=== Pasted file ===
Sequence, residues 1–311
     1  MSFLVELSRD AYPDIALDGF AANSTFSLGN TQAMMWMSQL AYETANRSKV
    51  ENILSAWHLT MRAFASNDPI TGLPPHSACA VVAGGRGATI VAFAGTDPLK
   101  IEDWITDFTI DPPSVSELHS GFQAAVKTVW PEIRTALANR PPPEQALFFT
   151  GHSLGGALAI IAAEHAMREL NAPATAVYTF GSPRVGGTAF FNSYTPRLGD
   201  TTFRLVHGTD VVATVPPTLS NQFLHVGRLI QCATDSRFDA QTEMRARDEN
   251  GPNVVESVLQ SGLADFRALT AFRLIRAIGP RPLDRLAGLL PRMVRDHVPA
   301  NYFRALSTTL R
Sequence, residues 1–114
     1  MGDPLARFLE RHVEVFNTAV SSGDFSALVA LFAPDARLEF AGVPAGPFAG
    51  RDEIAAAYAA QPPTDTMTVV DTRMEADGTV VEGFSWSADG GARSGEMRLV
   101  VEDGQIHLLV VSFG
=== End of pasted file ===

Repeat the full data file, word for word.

Sequence, residues 1–311
     1  MSFLVELSRD AYPDIALDGF AANSTFSLGN TQAMMWMSQL AYETANRSKV
    51  ENILSAWHLT MRAFASNDPI TGLPPHSACA VVAGGRGATI VAFAGTDPLK
   101  IEDWITDFTI DPPSVSELHS GFQAAVKTVW PEIRTALANR PPPEQALFFT
   151  GHSLGGALAI IAAEHAMREL NAPATAVYTF GSPRVGGTAF FNSYTPRLGD
   201  TTFRLVHGTD VVATVPPTLS NQFLHVGRLI QCATDSRFDA QTEMRARDEN
   251  GPNVVESVLQ SGLADFRALT AFRLIRAIGP RPLDRLAGLL PRMVRDHVPA
   301  NYFRALSTTL R
Sequence, residues 1–114
     1  MGDPLARFLE RHVEVFNTAV SSGDFSALVA LFAPDARLEF AGVPAGPFAG
    51  RDEIAAAYAA QPPTDTMTVV DTRMEADGTV VEGFSWSADG GARSGEMRLV
   101  VEDGQIHLLV VSFG